Intricate patterns. Delicate designs. Simple ingenuity.
These are just a few words that describe the work and art of German director and animator Lotte Reiniger.
My dear friend – a self-confessed ‘animation nerd’ – introduced me to the world of silhouette films just recently. Little did I know before then that a young woman in Germany with a creative passion for animation pioneered this style of cinema in 1919.
Fun fact: Lotte Reiniger is the creator of the oldest surviving animated feature film! The Adventures of Prince Achmed (1926) came well ahead of Disney’s Snow White and the Seven Dwarves (1937)!
It’s crazy to think that this woman, who was so popular and highly respected by her creative peers, remains relatively unknown today; She even produced the Grimm’s Fairy Tale series for the BBC in the 1950s! Who among your friends doesn’t love a good BBC television series?
It was at the Gallery of Modern Art in Brisbane that I had the opportunity to see five Reiniger films released in 1954: Puss in Boots, The Three Wishes, The Sleeping Beauty, Cinderella and Thumbelina.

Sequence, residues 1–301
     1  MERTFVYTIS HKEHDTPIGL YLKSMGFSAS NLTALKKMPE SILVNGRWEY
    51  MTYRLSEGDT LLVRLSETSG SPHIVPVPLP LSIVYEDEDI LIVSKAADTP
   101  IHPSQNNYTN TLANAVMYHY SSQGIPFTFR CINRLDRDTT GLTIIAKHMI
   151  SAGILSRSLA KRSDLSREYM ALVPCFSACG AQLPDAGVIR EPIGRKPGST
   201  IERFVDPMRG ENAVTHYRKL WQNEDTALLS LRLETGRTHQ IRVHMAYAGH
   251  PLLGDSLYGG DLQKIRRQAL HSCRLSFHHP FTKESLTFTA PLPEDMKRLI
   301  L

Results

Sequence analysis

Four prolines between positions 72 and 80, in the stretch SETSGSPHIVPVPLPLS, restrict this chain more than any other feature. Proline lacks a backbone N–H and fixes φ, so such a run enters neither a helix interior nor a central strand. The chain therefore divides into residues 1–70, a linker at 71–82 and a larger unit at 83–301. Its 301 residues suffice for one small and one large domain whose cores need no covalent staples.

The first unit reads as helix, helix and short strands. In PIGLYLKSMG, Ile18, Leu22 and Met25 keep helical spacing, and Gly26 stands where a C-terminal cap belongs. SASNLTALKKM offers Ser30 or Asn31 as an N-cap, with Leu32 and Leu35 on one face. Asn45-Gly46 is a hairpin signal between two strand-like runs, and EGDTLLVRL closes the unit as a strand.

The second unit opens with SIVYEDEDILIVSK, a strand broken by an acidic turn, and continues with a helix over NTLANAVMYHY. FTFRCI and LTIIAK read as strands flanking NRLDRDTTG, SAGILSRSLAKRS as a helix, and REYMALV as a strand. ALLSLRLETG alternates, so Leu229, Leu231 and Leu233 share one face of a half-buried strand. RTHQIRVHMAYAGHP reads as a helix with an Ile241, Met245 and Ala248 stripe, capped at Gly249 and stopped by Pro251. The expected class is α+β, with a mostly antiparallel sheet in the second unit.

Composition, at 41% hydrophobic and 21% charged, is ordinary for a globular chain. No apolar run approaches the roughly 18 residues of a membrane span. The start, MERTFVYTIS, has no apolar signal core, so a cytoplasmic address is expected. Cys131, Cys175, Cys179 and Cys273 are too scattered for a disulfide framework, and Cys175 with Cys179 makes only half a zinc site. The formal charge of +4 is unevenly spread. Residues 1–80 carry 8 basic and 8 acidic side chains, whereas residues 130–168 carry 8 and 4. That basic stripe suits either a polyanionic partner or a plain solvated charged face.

After getting a taste of silhouette films produced by the animation pioneer herself, I couldn’t help wonder why her work seemed all too familiar. Then it struck me. Do you remember the ‘Tale of the Three Brothers’ in Harry Potter and the Deathly Hallows (Part 1)?
And then again, I also came across the video clip of Australian artist Lior’s I’ll Forget You (feat. Sia).
As original as these people may be, they’ve all been inspired by people before them.
It’s clear that the animators of the Harry Potter sequence and Lior’s video clip have been influenced by the work of Lotte Reiniger (whether they are aware of it or not). In turn, Lotte Reiniger was inspired by Chinese silhouette puppetry and her love of cinema to create something artistic and innovative.
The ‘flaws’ and imperfections found in Reiniger’s stop-motion animation sets her – and her Primrose Productions company – apart from other animation studios of her time.
Using the words of my friend: “Lotte Reiniger was the perfect bridge between animation and experimental.”
She was mainstream yet stylised at the same time, and you can see this by looking at the influence she’s had on modern animators.
I know there are a number of creative people nowadays with the ability to keep their artistic roots whilst appealing to mainstream audiences. At the top of my head, Tim Burton comes to mind.
How about you? Who comes across your mind? Who do you know to be so stylised yet can draw the attention of the masses. Could be a musician, a moviemaker or even someone you know. Let SO… know in the comments section below.
* From January 10 – March 30, The GoMA’s Australian Cinémathèque is showcasing a range of films relating to all things Fairytales and Fables. Free admission for everyone so take advantage Brisbane locals!